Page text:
NASA creates first 3D printed object in space

One day astronauts may build their own tools and spare parts far away from Earth

3D printed face plate in space

International Space Station Commander Barry “Butch” Wilmore shows off the first object -- a face plate -- ever created by a 3D printer in space.

Credit: NASA

Taking the first step in what NASA hopes will become a key part of future long-term space journeys, engineers have created the first 3D printed object in space.

Using a 3D printer that was installed on the International Space Station on Nov. 17, NASA built a faceplate for the printer itself.

Creating the faceplate, which was made of plastic, gives engineers hope that 3D printers can one day be used to build everything from spare parts to tools and even food onboard the space station, as well as on deep space flights to asteroids and Mars.

"This first print is the initial step toward providing an on-demand machine shop capability away from Earth," Niki Werkheiser, project manager for the International Space Station 3-D Printer project, said in a statement. "The space station is the only laboratory where we can fully test this technology in space."

The printer was brought to the station in September on board a SpaceX Dragon cargo craft.

After doing an initial calibration early last week, on Monday engineers on the ground sent commands to the printer to make its first object. On Tuesday, the part was complete and was removed from the machine for inspection.

NASA reported that there might be differences in bonding between different layers in microgravity since it found that part adhesion was stronger in this first printed object than was anticipated. Engineers will research the issue with subsequent prints.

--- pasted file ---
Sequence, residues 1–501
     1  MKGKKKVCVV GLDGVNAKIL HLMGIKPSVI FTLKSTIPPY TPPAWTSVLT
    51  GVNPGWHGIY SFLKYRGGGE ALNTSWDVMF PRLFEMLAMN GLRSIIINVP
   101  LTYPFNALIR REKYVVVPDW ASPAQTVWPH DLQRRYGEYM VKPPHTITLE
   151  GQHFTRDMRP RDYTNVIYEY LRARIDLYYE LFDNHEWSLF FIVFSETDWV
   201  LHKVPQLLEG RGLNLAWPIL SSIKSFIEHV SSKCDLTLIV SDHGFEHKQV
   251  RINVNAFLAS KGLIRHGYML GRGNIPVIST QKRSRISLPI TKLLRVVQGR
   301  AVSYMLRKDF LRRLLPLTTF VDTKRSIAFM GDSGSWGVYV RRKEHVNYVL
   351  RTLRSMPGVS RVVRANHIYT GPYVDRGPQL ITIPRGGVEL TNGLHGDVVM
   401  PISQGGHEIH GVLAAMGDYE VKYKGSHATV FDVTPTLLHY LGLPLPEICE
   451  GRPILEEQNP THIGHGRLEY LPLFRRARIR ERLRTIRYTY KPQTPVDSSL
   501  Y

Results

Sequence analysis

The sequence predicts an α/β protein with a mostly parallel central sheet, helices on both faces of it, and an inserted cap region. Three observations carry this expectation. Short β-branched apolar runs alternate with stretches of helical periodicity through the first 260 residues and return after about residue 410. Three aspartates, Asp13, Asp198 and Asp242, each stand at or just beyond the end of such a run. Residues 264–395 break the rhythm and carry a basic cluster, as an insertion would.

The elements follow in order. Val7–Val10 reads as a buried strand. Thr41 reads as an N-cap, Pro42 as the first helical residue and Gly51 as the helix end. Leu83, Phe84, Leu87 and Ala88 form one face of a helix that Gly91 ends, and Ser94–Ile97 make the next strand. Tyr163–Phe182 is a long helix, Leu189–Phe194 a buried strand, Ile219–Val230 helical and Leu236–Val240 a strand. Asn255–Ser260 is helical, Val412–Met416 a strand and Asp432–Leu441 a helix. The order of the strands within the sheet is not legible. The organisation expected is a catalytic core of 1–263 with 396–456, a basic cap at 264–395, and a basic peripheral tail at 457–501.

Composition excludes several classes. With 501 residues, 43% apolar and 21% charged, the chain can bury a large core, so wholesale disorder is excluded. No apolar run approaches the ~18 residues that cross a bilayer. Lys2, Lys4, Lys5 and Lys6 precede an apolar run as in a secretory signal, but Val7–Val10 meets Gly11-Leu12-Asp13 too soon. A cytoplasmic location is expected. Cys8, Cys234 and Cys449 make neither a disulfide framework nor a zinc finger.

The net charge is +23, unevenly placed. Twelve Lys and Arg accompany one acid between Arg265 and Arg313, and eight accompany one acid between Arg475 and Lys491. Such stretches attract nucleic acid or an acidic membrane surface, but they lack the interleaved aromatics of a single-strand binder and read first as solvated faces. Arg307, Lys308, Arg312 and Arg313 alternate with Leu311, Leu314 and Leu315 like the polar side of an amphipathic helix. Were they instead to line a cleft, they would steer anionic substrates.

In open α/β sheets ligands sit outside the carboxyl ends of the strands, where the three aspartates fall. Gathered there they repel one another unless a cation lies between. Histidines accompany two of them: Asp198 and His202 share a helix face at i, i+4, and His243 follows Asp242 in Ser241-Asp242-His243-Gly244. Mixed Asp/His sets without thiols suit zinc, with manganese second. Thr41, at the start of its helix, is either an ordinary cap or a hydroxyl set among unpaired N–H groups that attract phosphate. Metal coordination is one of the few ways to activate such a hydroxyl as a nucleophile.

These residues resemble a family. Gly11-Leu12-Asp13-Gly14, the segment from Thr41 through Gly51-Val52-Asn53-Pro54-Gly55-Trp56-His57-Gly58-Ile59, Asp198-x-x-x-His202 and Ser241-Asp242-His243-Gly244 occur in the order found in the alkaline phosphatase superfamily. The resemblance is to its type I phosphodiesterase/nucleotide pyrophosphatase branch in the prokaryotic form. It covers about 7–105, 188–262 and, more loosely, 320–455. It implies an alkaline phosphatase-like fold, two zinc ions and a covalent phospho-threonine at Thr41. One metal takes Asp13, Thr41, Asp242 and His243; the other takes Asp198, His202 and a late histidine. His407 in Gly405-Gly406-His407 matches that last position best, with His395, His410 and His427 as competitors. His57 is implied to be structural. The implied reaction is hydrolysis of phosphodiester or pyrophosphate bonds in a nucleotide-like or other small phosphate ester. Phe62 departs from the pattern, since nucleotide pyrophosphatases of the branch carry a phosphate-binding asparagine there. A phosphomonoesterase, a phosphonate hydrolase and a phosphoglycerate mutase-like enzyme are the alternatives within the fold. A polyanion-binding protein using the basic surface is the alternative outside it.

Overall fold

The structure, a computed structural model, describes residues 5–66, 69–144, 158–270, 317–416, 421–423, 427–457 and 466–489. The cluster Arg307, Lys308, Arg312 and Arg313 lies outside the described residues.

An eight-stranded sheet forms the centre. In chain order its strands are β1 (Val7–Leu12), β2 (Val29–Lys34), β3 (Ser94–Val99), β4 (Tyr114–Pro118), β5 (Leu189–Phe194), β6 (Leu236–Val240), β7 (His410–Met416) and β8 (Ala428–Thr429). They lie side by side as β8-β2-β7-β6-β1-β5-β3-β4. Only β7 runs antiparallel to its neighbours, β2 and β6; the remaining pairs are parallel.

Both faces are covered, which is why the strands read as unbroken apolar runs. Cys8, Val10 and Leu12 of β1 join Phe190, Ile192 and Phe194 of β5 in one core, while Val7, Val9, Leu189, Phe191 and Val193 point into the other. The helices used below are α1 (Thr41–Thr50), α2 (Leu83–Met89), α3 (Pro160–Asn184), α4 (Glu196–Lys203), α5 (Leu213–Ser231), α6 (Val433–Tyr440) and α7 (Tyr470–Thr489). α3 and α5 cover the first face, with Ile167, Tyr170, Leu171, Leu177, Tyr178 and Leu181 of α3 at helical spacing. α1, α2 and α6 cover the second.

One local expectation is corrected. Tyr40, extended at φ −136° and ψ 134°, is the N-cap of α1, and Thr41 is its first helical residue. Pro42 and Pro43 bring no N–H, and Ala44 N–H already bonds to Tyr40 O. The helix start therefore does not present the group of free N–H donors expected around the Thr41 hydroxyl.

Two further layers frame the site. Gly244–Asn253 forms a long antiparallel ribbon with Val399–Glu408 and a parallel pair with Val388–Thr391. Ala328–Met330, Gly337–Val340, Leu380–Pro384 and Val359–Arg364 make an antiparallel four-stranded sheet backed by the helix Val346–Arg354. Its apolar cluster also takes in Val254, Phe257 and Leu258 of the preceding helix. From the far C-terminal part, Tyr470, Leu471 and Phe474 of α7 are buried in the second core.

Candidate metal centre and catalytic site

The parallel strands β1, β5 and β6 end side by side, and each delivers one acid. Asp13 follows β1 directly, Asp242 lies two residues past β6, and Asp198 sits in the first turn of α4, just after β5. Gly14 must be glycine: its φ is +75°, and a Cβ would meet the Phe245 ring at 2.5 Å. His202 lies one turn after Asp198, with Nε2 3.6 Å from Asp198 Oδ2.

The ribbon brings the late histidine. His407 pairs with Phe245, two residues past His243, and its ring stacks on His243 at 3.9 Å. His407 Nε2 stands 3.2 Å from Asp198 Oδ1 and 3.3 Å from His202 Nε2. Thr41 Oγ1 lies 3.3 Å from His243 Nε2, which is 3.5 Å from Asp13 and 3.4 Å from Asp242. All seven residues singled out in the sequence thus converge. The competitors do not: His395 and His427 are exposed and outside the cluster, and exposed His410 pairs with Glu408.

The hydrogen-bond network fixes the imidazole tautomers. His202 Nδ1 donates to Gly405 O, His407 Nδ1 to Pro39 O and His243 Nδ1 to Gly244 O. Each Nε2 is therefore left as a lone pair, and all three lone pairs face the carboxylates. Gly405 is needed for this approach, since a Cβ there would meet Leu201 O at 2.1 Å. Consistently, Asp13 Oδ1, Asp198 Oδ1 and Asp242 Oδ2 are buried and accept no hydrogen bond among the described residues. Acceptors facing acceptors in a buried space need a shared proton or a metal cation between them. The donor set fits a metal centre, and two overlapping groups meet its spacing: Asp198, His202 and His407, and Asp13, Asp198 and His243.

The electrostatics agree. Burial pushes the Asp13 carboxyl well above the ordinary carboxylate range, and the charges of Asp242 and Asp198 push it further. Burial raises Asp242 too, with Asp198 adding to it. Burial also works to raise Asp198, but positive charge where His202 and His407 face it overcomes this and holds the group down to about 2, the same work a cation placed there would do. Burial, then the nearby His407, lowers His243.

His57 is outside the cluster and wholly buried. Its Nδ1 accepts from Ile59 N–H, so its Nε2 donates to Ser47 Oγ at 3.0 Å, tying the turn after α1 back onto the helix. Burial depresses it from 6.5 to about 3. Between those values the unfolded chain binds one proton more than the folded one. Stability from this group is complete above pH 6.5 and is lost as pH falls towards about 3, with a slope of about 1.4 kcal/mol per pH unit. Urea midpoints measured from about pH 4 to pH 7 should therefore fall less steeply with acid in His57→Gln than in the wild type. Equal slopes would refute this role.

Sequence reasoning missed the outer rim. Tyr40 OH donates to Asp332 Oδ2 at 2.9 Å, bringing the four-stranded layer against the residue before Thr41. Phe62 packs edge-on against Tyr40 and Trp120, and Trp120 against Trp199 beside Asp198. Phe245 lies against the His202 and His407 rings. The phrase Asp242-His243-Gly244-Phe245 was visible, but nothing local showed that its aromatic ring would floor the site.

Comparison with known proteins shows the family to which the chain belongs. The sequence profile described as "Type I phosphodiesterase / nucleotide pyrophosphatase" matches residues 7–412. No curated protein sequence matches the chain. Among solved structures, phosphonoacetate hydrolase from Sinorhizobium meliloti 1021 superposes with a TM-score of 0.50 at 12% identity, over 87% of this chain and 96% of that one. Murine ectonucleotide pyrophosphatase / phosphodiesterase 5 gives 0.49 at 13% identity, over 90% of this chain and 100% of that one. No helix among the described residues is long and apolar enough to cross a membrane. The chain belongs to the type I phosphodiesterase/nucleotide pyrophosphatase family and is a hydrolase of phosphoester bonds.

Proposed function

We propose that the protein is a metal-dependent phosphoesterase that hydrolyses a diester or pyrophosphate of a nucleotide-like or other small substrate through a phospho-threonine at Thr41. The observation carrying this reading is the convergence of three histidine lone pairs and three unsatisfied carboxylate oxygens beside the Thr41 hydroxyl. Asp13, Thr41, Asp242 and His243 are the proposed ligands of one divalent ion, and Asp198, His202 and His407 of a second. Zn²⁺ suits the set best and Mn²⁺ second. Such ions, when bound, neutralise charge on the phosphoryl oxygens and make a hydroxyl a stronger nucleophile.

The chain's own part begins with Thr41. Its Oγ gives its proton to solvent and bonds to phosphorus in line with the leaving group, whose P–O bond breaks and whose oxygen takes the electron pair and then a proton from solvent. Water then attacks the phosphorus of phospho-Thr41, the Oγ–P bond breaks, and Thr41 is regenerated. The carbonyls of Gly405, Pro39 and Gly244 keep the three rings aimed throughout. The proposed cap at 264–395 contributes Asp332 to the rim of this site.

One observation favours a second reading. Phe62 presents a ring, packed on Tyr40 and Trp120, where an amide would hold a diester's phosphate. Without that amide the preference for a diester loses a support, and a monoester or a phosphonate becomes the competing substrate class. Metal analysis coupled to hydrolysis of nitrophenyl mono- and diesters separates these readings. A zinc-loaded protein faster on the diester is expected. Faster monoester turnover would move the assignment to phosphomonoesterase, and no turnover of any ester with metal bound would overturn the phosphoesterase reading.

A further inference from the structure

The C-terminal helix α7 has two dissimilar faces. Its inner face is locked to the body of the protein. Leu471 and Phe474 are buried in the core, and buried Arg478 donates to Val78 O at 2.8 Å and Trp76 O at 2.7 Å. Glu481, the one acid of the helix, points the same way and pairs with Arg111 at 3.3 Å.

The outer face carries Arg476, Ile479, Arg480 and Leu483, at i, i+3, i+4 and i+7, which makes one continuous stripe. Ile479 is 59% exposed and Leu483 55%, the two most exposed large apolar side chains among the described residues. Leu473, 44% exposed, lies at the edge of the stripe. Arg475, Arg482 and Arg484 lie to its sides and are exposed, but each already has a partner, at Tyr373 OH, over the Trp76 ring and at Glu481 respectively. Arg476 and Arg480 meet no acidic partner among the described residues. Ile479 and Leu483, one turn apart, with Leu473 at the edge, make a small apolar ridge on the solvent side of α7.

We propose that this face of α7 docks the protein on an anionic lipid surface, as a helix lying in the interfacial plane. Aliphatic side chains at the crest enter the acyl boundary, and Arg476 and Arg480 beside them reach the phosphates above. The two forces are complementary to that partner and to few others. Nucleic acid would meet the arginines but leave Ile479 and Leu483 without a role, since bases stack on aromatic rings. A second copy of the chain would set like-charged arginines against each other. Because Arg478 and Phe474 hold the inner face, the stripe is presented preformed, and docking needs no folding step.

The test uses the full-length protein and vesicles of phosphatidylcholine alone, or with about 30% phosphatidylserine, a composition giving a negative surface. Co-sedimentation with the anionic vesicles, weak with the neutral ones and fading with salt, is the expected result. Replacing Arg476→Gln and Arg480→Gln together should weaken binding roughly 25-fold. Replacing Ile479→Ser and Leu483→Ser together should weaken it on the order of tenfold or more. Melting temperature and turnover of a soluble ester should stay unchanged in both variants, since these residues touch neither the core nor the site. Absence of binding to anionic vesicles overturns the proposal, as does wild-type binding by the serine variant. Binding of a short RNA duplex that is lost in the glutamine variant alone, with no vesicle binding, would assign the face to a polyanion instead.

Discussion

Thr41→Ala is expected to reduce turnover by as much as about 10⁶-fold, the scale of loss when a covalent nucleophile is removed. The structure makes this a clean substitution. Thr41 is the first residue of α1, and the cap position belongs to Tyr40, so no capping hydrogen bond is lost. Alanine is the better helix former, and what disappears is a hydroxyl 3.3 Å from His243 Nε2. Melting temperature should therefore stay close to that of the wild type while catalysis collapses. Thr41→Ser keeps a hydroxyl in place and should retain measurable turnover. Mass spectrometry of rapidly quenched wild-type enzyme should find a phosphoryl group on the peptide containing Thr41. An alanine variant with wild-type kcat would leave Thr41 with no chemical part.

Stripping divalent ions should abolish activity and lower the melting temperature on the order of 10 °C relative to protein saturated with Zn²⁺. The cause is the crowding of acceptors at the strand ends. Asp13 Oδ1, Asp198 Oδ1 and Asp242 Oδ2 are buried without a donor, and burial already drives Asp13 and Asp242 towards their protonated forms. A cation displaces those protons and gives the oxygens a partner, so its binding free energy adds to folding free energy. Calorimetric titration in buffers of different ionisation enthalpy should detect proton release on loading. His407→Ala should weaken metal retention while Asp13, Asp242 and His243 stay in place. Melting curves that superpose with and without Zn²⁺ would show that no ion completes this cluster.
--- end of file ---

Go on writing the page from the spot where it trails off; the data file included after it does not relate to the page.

Once the first printing was completed, the space agency's ground team sent commands to fine-tune the printer's alignment. As of Tuesday, printing a second object had not yet been undertaken.

"This is the first time we've ever used a 3D printer in space, and we are learning, even from these initial operations," Werkheiser said. "As we print more parts, we'll be able to learn whether some of the effects we are seeing are caused by microgravity or just part of the normal fine-tuning process for printing. When we get the parts back on Earth, we'll be able to do a more detailed analysis to find out how they compare to parts printed on Earth."

Most of the work testing out the 3D printer is being done from the ground to limit the amount of time astronauts working on the space station need to spend on it, according to NASA. Ground engineers monitor the manufacturing process via downloaded images and videos.

In late spring 2013, NASA chief administrator Charles Bolden talked about the importance of being able to use additive manufacturing, another term for 3D printing, in space. Bolden noted that the technology is critical to enabling astronauts to travel far from Earth and its support systems.

"As NASA ventures further into space, [whether] redirecting an asteroid or sending humans to Mars, we'll need transformative technology to reduce cargo weight and volume," Bolden said last year. "In the future, perhaps astronauts will be able to print the tools and components they need in space."

The technology works by laying down successive layers to create an object, in this case plastic, but metals also can be used.

Made in Space, a company based in the Ames Research Park in Moffett Field, Calif., worked with engineers at NASA to design, build and test the 3-D printer.

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